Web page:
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I have been reading the Cryptographic sponge functions paper, but I'm still confused.

Does Keccak in authenticated encryption mode absorb ciphertext or plaintext?

Edit: Are there any test vectors to verify implementation of Keccak authenticated encryption?

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You absorb the plaintext, which means that the rate section of the state is equal to the ciphertext. –  figlesquidge Dec 8 '13 at 22:16
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Keccak itself isn't really bothered. It just needs some input, now if that happens to be plain or ciphertext depends on the application. –  rath Dec 9 '13 at 0:21
    
@figlesquidge Thanks. Are there any test vectors for that? –  LightBit Dec 9 '13 at 8:29
    
@rath I'm asking for "standard" way. –  LightBit Dec 9 '13 at 8:32
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@LightBit as far as test vectors go, you could generate them yourself using KeccakTools (github.com/gvanas/KeccakTools). Uncomment testKeccakDuplex() in the main function, rebuild, and run. You could also modify testKeccakDuplex() itself to add new test vectors. –  mattkelly Jan 23 at 15:38
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up vote 2 down vote accepted

The authenticated encryption mode devised by the Keccak team is the SpongeWrap method, and is first described in this paper — the paper you cite is an amalgamation of all their major sponge papers. The encryption method wrap is described in Algorithm 3, on page 10. In particular, lines 14–18 absorb-squeeze with respect to the ciphertext.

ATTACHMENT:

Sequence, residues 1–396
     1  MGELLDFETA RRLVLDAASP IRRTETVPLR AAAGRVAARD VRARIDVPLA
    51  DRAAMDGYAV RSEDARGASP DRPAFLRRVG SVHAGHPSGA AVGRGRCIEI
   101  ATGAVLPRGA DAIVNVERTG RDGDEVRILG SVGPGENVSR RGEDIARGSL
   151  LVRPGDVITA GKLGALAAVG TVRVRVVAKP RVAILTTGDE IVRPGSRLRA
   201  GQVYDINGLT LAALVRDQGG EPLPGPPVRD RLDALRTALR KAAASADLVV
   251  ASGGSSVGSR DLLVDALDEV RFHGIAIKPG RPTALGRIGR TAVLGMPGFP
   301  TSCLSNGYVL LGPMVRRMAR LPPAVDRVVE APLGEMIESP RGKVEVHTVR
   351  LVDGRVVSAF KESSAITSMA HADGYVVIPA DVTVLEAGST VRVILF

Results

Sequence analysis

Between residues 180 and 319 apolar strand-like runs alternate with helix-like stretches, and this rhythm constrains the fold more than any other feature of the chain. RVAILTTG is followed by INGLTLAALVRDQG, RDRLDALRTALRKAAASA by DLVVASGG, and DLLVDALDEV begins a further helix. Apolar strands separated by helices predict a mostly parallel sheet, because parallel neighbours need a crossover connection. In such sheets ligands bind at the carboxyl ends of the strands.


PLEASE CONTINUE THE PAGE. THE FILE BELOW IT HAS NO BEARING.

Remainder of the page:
In practice it is probably simpler to think of it in the following way:

SpongeWrap diagram

To implement this in terms of absorbing and squeezing, we have to use the squeezed output from the previous iteration (here called $s_r$, called $z$ in their algorithm) and xor this with the message, before absorbing in the message as part of the next call. In my mind absorbing / squeezing is a much less clear way of describing the process, but mathematically it is important since it clearly shows the object to be an instance of a Duplex Object, which is itself a series of sponges, and thus allows us to use their security proofs.

I do not know of any test vectors for SpongeWrap.

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@Ilmari: Thanks very much for the image! Unfortunately perp doesn't seem to be a constant-width character, rather breaking my ascii art :( –  figlesquidge Dec 9 '13 at 18:19
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